Here is an interesting twist in the complex relationship between government, gun violence, and Hollywood. There is a new approach to gun control – and it is inspired by the movies.
All sensible people , even 90 percent of Americans, agree that individuals who suffer from mental illness should not be allowed to buy guns. By all counts, Adam Lanza would not have been able to purchase firearms; he suffered from Asperger’s and sensory integration disorder. But the guns he used in the Sandy Hook shooting last December were stolen from his mother’s house before he killed her. So how do we prevent individuals who are prone to violence from stealing or borrowing guns from those who would easily pass a background check? It seems impossible.
But in Hollywood, all things are possible. Check out this press release from Congressman John Tierney (D-MA):
In the most recent James Bond thriller “Skyfall,” 007 packs a pistol coded to his palm print that fires only when he holds it — a high-tech feature that saves his life when the gun falls into the wrong hands.
Yesterday, Congressman John Tierney introduced a bill that could make that technology a common feature of handguns in the next two years.
The bill would not restrict gun ownership or infringe on a gun owner’s Second Amendment rights, Tierney said in announcing the legislation during a conference call with advocates of gun violence prevention.
It’s a move meant to make gun ownership safer, he said.
“The bill itself just seeks to personalize handguns,” Tierney said.
The press release cites some compelling statistics. 17 percent of law enforcement officers killed last year had their own guns turned on them. According to Tierney’s analysis, smart gun technology could eliminate approximately 11,000 gun deaths per year. Smart-gun technology would also prevent some accidental deaths, such as the case in New Jersey last month when a six-year old accidentally shot and killed a four-year-old child. In Skyfall, the technology saved Bond when his gun was knocked out of his hand and picked up by a villain. The gun refused to fire, and the villain was then eaten by a Komodo dragon.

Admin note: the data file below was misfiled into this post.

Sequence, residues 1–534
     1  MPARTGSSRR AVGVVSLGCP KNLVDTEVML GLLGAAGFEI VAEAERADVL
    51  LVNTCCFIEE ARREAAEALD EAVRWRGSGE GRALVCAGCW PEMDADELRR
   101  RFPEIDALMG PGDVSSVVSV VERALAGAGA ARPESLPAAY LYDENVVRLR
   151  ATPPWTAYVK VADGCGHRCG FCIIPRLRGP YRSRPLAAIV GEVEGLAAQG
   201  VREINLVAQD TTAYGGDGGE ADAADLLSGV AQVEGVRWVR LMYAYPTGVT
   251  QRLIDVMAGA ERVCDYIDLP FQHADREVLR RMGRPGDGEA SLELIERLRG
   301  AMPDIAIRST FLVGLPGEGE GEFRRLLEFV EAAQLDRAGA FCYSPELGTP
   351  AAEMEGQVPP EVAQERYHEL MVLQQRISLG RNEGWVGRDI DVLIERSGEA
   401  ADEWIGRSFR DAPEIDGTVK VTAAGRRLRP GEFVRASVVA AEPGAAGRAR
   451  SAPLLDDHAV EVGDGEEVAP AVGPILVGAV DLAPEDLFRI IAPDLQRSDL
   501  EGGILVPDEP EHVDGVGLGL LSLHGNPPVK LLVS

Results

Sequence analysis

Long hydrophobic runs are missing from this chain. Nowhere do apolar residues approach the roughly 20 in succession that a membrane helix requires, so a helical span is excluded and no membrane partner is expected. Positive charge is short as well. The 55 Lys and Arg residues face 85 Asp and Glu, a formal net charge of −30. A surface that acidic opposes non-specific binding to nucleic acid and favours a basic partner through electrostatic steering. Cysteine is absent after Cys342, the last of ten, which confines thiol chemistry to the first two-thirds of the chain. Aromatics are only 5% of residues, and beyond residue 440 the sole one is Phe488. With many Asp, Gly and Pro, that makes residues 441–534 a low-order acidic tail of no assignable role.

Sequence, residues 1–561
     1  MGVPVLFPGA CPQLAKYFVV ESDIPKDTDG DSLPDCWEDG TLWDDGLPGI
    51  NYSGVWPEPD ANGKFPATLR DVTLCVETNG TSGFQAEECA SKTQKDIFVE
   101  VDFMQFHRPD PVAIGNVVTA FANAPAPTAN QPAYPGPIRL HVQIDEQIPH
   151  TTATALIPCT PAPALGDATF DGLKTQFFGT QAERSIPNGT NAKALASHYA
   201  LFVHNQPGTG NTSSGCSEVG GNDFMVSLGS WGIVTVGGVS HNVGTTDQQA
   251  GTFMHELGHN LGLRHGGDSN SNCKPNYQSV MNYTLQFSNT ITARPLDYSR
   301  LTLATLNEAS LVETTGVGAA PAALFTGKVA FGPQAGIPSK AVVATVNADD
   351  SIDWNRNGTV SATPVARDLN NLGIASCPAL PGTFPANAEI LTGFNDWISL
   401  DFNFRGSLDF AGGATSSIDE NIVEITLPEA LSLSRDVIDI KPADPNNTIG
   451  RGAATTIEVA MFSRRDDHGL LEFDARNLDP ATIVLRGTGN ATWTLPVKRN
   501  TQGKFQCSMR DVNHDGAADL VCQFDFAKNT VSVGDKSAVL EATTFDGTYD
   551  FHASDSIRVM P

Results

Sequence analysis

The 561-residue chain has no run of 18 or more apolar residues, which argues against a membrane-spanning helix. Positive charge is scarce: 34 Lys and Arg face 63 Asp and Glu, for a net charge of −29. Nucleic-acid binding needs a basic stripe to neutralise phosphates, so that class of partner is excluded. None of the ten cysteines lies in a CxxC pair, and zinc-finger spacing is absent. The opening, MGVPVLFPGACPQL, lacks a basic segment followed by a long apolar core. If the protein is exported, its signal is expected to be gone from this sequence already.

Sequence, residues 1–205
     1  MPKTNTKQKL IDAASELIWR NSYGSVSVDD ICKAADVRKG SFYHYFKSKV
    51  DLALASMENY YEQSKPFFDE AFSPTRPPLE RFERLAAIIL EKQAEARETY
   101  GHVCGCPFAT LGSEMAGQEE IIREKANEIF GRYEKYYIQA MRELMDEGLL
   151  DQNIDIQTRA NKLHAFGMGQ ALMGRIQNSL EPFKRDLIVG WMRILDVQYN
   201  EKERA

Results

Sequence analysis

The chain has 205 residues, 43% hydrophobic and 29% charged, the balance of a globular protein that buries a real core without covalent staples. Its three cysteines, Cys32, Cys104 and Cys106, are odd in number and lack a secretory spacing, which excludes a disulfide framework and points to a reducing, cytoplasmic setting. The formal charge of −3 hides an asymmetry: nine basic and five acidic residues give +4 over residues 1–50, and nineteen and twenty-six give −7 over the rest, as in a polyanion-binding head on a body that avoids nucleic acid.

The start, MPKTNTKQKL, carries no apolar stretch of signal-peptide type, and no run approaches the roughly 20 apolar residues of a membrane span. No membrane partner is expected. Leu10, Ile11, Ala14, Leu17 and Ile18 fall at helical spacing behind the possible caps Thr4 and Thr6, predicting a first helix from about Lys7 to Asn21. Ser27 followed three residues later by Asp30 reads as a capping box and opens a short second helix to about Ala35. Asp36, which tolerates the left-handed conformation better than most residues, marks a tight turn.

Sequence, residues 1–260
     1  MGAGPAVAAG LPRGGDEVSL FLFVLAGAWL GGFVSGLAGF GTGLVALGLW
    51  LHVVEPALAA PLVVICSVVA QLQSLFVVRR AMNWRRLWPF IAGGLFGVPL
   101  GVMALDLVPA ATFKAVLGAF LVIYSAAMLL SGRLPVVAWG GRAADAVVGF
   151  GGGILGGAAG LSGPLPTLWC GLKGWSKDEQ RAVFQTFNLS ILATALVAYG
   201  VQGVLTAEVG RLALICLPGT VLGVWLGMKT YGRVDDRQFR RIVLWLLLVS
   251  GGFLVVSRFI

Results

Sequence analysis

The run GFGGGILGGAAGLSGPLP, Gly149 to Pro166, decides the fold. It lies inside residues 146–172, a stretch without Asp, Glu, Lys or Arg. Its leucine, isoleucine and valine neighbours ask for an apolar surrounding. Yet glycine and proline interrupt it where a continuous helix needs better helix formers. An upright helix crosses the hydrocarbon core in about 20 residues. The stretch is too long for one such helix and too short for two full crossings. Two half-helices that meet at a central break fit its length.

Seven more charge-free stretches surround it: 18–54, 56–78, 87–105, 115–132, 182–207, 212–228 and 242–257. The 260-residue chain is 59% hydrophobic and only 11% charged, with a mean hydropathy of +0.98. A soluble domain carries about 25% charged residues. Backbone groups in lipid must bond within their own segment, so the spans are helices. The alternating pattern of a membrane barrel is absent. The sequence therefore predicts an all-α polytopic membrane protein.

Of course, the problem is that technology does not yet exist. If it did, it wouldn’t have seemed so damn cool in Skyfall. The bill, called the Personalized Handgun Safety Act of 2013, is at best a sensible piece of wish-fulfillment. It would authorize grants through the National Institute of Justice to develop the technology, direct the Consumer Product Safety Commission to develop a smart-gun safety standard, and then finally require that all handguns manufactured in the U.S. comply with that standard within two years.
I can’t tell if this is really cool or just sad. Movie studios get a lot of flak for being unable to come up with new ideas, but what does it say when Congress is taking their cues from Hollywood? To see one of James Bond’s famous gadgets be pitched as a legislative solution to gun control illuminates the convergence of politics and entertainment, but it also shows just how dire the gun control situation on Capitol Hill has become. Members of Congress are now looking to the movies for solutions.
Regardless, it is extremely unlikely that this bill will get any traction in the Republican-controlled House, as the NRA can and will shut down any serious debate on the matter. If you want to see progress being made these days, it seems you are better off going to the movies.
You can read a bit more about this technology here.